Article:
NASA sees strong vertical wind shear battering a weaker winston
Tropical Cyclone Winston has moved into an area with strong vertical wind shear in the Southern Pacific Ocean. The wind shear is battering the storm and has weakened it significantly. NASA's Aqua satellite passed over Winston and infrared data showed that the northerly wind shear had pushed the bulk of strongest storms to the south of the center.
The Joint Typhoon Warning Center upper-level analysis showed Winston had moved into an unfavorable environment with strong (30 to 40 knots/34.5 to 46 mph/55.5 to 74 kph) vertical wind shear.
At 1500 UTC (10 a.m. EST) on Feb. 24, 2016 Tropical cyclone Winston had weakened to a tropical storm. Maximum sustained winds were near 45 knots (51.7 mph/83.3 kph). It was centered near 24.5 degrees south latitude and 173.9 degrees east longitude, about 459 nautical miles (528.2 miles/850.1 km) south-southwest of Suva, Fiji. Winston was moving to the west at 9 knots (10.3 mph/16.6 kph).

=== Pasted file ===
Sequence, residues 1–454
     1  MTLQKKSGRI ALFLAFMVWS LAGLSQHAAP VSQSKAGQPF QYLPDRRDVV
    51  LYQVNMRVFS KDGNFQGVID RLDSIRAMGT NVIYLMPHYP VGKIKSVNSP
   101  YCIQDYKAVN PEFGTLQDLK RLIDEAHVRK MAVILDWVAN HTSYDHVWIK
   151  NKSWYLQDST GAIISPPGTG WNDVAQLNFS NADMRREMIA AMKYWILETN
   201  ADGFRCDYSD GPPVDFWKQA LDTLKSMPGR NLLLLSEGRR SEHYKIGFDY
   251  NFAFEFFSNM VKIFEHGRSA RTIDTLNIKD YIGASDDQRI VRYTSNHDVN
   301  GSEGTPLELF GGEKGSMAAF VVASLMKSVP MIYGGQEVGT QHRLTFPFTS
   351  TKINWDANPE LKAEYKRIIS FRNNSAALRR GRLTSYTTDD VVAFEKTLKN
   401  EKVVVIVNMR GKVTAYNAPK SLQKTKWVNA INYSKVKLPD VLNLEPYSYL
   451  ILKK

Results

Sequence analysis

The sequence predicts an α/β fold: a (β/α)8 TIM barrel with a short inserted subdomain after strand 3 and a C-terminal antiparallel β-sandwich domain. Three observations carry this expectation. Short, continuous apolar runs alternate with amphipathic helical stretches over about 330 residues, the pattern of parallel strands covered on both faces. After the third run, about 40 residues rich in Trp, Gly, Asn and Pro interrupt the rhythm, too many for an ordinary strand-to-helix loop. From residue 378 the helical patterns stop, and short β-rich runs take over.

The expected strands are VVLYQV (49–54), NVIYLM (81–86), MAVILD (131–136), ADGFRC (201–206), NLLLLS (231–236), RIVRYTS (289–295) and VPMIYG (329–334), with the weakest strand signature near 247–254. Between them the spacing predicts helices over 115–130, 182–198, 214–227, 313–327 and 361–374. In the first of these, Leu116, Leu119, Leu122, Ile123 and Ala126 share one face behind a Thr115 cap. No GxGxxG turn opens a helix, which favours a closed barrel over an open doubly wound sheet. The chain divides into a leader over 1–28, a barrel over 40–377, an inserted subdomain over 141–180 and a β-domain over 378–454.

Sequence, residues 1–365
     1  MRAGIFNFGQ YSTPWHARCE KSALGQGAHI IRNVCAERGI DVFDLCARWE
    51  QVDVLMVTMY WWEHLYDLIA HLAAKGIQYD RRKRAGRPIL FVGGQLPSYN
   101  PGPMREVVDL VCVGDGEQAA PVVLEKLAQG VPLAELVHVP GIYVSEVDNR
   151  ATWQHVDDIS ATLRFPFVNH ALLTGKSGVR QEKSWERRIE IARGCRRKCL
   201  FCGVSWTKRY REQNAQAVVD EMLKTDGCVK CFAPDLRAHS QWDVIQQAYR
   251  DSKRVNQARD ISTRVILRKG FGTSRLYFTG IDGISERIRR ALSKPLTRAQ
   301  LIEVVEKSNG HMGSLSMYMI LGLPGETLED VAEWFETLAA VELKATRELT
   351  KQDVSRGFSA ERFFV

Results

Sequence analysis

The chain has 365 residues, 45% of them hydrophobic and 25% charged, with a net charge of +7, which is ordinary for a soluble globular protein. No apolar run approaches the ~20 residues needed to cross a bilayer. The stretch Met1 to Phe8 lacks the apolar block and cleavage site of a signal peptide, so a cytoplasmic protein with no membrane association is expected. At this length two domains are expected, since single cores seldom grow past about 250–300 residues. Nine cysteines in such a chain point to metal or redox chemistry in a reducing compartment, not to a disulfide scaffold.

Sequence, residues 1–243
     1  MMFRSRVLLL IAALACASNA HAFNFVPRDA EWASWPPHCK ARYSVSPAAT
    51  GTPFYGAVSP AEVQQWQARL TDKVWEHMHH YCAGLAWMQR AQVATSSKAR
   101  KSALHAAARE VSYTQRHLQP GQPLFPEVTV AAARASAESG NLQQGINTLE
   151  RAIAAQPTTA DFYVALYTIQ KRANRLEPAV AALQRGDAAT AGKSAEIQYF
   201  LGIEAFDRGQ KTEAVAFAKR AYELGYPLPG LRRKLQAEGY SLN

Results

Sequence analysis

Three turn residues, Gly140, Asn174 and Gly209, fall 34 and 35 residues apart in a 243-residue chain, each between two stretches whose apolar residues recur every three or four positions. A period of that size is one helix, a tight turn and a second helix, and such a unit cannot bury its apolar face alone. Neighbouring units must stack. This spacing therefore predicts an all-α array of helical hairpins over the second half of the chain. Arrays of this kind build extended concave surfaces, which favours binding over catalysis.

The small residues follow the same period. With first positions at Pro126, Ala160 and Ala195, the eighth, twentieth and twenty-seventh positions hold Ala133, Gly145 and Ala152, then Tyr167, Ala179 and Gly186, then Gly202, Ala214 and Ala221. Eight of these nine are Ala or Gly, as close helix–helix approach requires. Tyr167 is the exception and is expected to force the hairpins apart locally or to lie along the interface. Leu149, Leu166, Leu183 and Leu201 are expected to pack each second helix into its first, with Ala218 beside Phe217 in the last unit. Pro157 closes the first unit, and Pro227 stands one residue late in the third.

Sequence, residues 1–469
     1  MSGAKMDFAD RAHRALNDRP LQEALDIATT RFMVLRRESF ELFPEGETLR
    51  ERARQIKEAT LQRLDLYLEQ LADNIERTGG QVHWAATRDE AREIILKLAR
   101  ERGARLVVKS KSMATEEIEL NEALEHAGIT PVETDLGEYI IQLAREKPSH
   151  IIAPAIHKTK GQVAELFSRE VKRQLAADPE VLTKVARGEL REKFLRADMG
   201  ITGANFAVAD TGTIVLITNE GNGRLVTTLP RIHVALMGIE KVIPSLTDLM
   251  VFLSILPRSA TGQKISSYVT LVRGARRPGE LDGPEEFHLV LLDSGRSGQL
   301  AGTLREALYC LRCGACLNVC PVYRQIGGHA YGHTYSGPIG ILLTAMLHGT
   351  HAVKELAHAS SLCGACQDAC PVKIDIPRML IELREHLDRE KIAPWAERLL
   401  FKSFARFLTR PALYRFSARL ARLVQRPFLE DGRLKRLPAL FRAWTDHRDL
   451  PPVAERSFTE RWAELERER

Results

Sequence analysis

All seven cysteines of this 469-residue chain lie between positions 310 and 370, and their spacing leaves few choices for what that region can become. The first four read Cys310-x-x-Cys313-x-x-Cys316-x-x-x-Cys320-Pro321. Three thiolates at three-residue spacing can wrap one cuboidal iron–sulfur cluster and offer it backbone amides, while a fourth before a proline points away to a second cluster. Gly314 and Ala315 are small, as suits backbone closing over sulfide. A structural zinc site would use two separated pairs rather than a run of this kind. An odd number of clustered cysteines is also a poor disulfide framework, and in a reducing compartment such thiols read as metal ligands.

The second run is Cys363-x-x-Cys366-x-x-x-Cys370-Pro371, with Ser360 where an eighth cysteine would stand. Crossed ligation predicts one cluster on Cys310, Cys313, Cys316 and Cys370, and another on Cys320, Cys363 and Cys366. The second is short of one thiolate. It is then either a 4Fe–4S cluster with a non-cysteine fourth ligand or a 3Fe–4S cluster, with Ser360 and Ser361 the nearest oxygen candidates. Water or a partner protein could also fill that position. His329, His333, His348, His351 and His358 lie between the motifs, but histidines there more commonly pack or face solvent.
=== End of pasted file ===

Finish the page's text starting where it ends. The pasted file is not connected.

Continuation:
The Atmospheric Infrared Sounder or AIRS instrument that flies aboard NASA's Aqua satellite measured temperatures in Tropical Storm Winston's cloud tops on Feb. 24, 2016 at 11:47 UTC (6:47 a.m. EST). AIRS saw a few strong storms remaining in the system, but they were pushed to the south because of strong vertical wind shear. Thunderstorms in that quadrant had coldest cloud tops near minus 63 degrees Fahrenheit (minus 53 degrees Celsius). Cloud tops around the rest of the tropical storm were much warmer indicating they were lower in the atmosphere and less potent storms.
Winston is forecast to move to the south-southwest and stay far to the south of New Caledonia. As it moves, it is expected to weaken and become sub-tropical south of New Caledonia within the next day.